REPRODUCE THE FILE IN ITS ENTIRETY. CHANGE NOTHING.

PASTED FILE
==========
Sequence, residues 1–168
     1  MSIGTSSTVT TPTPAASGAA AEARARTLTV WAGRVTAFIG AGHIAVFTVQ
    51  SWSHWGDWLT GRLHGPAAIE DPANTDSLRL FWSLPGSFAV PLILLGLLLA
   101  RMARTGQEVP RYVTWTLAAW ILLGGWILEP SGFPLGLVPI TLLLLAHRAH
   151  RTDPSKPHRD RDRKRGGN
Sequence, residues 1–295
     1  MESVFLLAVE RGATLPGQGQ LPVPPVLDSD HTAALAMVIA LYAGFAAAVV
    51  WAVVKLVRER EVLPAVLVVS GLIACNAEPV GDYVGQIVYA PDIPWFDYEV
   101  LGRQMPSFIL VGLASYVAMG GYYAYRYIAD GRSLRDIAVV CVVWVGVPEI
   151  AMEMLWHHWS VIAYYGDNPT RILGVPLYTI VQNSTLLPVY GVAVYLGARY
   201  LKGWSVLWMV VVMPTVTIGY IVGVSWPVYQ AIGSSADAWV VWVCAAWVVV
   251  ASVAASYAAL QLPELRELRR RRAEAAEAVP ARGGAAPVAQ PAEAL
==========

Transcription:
Sequence, residues 1–168
     1  MSIGTSSTVT TPTPAASGAA AEARARTLTV WAGRVTAFIG AGHIAVFTVQ
    51  SWSHWGDWLT GRLHGPAAIE DPANTDSLRL FWSLPGSFAV PLILLGLLLA
   101  RMARTGQEVP RYVTWTLAAW ILLGGWILEP SGFPLGLVPI TLLLLAHRAH
   151  RTDPSKPHRD RDRKRGGN
Sequence, residues 1–295
     1  MESVFLLAVE RGATLPGQGQ LPVPPVLDSD HTAALAMVIA LYAGFAAAVV
    51  WAVVKLVRER EVLPAVLVVS GLIACNAEPV GDYVGQIVYA PDIPWFDYEV
   101  LGRQMPSFIL VGLASYVAMG GYYAYRYIAD GRSLRDIAVV CVVWVGVPEI
   151  AMEMLWHHWS VIAYYGDNPT RILGVPLYTI VQNSTLLPVY GVAVYLGARY
   201  LKGWSVLWMV VVMPTVTIGY IVGVSWPVYQ AIGSSADAWV VWVCAAWVVV
   251  ASVAASYAAL QLPELRELRR RRAEAAEAVP ARGGAAPVAQ PAEAL